Philosophy of Music

Philosophy of Music: An Introduction

R. A. Sharpe
Copyright Date: 2004
Pages: 196
https://www.jstor.org/stable/j.cttq483b
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  • Book Info
    Philosophy of Music
    Book Description:

    In a lively and engaging introduction to the aesthetics of music and the issues that illuminate musical listening, understanding, and practice, R. A. Sharpe guides the reader through three key questions: What is the work of music? Can music have meaning? Can music have value? He anchors his discussion to examples from Western classical music and jazz and places it in the context of the historical background and philosophical thinking on music from the Ancient Greeks to Eduard Hanslick and Edmund Gurney. Accounts of the philosophy of music often present it as a branch of metaphysics, raising questions about sounds, tones, and musical movement. Sharpe's non-technical treatment is problem-orientated and the questions he raises are about the value of music, the individuality of our assessments, and the way we prize music for its power to move us. He argues that when it comes to music philosophical analysis has its limitations and it is no surprise that there are contradictions in the aesthetics of music or that our judgements about its value are not internally consistent.

    eISBN: 978-0-7735-8462-4
    Subjects: Philosophy

Table of Contents

  1. Front Matter
    (pp. i-iv)
  2. Table of Contents
    (pp. v-vi)
  3. Acknowledgements
    (pp. vii-x)
    R. A. Sharpe
  4. Introduction
    (pp. 1-8)

    Since you have opened this book, let me guess at what motivated you to do so. You may, like me, be interested in the philosophy of music because of your life with music. You may find it puzzling that your taste should be sometimes idiosyncratic, sometimes different even from that of people with whom you share many enthusiasms. Music you love bores some others. You may wonder whether you are right or wrong about it. You may wonder on what basis some music is thought to be more significant than other music. You might have reflected on whether or not...

  5. Chapter 1 Overture and beginnings
    (pp. 9-28)

    Philosophical reflection on music is more than two thousand years old but it is patchy. Beyond a handful of names, beginning, perhaps, with Plato and Aristotle and leaping two thousand years to Eduard Hanslick and Edmund Gurney, most of what has been written is only of interest to historians of ideas. But the past two decades have seen an extraordinary flowering in the aesthetics of music that has eclipsed earlier speculations. This philosophical activity has been predominantly analytic in style. It prizes and expects clarity and detail in argument. There are other philosophical traditions but I am not aware that...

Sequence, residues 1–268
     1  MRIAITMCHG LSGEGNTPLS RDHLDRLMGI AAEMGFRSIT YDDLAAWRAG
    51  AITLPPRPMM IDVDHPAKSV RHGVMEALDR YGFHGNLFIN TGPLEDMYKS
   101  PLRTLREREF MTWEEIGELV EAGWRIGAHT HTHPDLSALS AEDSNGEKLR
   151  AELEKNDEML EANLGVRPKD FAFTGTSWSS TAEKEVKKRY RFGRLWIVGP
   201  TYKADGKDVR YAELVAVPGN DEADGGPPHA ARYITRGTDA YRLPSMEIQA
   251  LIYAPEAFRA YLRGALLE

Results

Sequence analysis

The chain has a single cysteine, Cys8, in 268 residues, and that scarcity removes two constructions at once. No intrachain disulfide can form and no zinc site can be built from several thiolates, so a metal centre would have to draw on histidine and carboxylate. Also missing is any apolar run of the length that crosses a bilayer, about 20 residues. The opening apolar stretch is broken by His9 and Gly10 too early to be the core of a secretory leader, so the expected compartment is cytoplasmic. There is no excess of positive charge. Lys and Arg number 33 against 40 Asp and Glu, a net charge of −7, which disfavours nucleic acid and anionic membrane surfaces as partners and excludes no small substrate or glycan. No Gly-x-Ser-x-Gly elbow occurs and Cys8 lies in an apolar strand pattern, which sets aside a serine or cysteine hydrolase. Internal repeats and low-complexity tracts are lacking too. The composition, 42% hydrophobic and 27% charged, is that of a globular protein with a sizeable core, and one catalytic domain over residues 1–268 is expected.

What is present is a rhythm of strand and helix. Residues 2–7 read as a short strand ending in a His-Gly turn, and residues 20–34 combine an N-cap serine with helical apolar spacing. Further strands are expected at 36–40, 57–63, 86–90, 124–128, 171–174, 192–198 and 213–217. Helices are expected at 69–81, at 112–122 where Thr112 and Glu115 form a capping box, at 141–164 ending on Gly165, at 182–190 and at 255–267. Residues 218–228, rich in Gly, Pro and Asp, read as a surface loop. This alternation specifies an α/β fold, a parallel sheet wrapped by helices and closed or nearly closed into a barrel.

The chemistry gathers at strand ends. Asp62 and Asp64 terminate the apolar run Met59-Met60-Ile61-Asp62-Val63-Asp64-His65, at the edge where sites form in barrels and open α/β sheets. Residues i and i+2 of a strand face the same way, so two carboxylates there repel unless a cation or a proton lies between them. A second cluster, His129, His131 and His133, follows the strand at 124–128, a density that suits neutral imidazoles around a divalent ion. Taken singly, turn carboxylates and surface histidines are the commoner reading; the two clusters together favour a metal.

6. Chapter 2 The work of music
    (pp. 29-84)

    For the philosopher, two questions about what it is for something to be a work of music spring to mind. First, music is described as one of the fine arts. So what is it that makes music – or, to be precise, some pieces of music – works of art or examples of fine art? This is our first question. The second is what is the work of musicper se?Is it just what we hear, the performance, or is it something over and above that? Is it something we invent or something we discover? These questions occupy the second part...

  7. Chapter 3 Meaning
    (pp. 85-122)

    What can music mean? The question arises most directly with respect to instrumental music; indeed, it seems to have occurred to thinkers after music emancipated itself from text and dance, so becoming a fullyfledged art in its own right (what is described as “pure” or “absolute” music). When music accompanies words, its significance customarily lies in underlining or counterpoising the meaning of the text. In such cases the question of meaning does not arise in the same way.

    So the problem comes to our attention when we think, say, of Beethoven’s late quartets or Bach’sGoldberg Variations. These sublime works...

  8. Chapter 4 Value
    (pp. 123-166)

    Many of the questions I shall attempt to answer in this final chapter are quite general questions about the value of works of art and how we attribute that value, although some of the questions arise in a more acute and pressing form for music. But before we consider these perhaps there is an even more general question we should consider. Why, you might ask, do we need to make judgements of the relative value of pieces of music at all? After all, doesn’t the whole thing smack of university league tables, of Sir John Lubbock’s hundred best books and...

  9. Coda
    (pp. 167-170)

    I began this book with a list of the philosophical problems most likely to strike thoughtful musicians and music-lovers: questions about music’s power, whether it can have meaning, what counts as art music and questions about the divergence of taste. I said then that these are questions that relate to the value that music has for us. My approach has been “problemorientated” and the nature of those problems made it natural that I should conclude with a discussion of value. Other writers have viewed music primarily as a branch of metaphysics,¹ raising questions about sounds, tones and musical movement. My...

  10. Notes
    (pp. 171-176)
  11. Bibliography and discography
    (pp. 177-182)
  12. Index
    (pp. 183-185)